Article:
The private investigator who followed Costa Mesa Mayor Pro Tem Jim Righeimer home from a sports bar and called 911 to report him for drunk driving is a Marine veteran, a divorced father and a former police officer who spearheaded a program aimed at helping underage prostitutes, according to public records.
Chris Lanzillo, 42, could not be reached for comment Monday, but aspects of his life can be drawn from court and newspaper accounts from the Inland Empire, where he is believed to reside, as well from military records and on Facebook.
As an officer, Lanzillo spearheaded the Riverside Police Department's "Innocence Lost" task force, according to court documents. The program worked with minors who turned to sex work.
But Lanzillo's time in Riverside did not end well.
He sued the city and Police Department on May 6, 2010, for demoting him, according to a complaint from the U.S. Central District court in Riverside. A few months later, he sued for his being fired.
The city eventually settled with Lanzillo and granted him a medical retirement, although the area's newspaper, the Press-Enterprise, reported that the police chief said Lanzillo was not terminated because of his involvement with the police union, as Lanzillo had claimed.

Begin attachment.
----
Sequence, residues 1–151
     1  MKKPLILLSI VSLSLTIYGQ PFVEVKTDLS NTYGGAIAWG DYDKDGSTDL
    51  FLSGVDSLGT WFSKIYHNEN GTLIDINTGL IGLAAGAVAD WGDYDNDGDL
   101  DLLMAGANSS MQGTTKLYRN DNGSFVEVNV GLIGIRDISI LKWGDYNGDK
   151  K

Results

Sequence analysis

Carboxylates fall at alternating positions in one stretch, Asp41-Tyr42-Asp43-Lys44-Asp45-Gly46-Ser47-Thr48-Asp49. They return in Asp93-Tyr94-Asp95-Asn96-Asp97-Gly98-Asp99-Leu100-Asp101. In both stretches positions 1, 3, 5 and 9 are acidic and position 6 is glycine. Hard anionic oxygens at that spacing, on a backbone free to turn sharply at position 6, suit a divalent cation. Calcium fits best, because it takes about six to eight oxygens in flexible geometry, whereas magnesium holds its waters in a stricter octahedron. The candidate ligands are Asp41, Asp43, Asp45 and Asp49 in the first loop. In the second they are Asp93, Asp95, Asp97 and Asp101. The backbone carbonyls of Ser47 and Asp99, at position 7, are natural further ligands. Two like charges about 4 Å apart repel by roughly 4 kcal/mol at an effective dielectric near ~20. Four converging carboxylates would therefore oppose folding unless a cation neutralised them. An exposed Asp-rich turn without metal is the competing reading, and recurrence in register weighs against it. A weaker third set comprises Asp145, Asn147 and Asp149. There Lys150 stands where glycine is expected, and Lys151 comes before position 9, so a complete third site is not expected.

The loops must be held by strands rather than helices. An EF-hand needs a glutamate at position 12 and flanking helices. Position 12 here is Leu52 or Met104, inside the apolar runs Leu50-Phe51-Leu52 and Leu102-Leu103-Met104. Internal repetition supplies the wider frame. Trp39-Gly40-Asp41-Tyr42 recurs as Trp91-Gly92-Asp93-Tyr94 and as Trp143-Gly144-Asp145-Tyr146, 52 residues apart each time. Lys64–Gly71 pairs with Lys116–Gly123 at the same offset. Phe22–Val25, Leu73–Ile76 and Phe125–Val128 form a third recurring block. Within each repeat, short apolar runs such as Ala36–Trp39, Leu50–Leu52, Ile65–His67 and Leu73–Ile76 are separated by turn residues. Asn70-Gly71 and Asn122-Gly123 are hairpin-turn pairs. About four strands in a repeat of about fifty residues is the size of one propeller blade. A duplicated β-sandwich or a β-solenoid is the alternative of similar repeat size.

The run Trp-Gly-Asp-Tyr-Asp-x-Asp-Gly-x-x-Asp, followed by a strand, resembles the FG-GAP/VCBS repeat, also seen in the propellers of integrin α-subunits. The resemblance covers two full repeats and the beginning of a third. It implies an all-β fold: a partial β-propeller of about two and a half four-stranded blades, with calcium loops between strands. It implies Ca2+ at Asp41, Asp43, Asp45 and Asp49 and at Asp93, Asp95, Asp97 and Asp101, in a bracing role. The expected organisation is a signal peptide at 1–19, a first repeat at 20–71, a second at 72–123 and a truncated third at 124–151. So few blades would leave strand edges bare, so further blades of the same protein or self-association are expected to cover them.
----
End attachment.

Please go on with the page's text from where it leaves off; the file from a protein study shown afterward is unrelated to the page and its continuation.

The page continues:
Lanzillo was fired "not because he was a member of the leadership of the [police union], but because he did some really bad things," Police Chief Sergio Diaz told the newspaper in 2010.
The alleged "bad things" were not detailed in the report.
Law firm ties
Lanzillo was represented by Lackie, Dammeier, McGill in his federal lawsuit. It is the same Upland law firm that, until recently, represented the Costa Mesa Police Assn. (CMPA) and is used by the Newport Beach Police Management Assn.
The relationship between the firm and Lanzillo, however, continued beyond his lawsuit.
The firm, which specializes in representing police unions, used Lanzillo as an investigator, but a named partner in the firm told the Daily Pilot that it did not ask Lanzillo to surveil Righeimer and report him for a DUI.
The councilman had been drinking Diet Coke at Councilman Gary Monahan's bar, Skosh Monahan's, on Wednesday night. After police got word that he was allegedly drunk driving, he was given a brief sobriety test, which he quickly passed, not long after arriving home from the sports bar.
Righeimer later called the entire incident "a setup."
Before the officer knocked on his door that night, Righeimer criticized Lackie, Dammeier & McGill during a council meeting the night prior. Righeimer pointed out a page on the firm's website outlining aggressive negotiating tactics for police associations to use against politicians.
The CMPA terminated its agreement with the firm Friday, saying its tactics were too aggressive.
The association has denied any involvement in the call Lanzillo made to 911.
"The CMPA had no knowledge or participation surrounding this incident," CMPA President Jason Chamness said in a statement.
Lanzillo was listed on the law firm's website but was recently removed. He is still on the firm's Facebook page.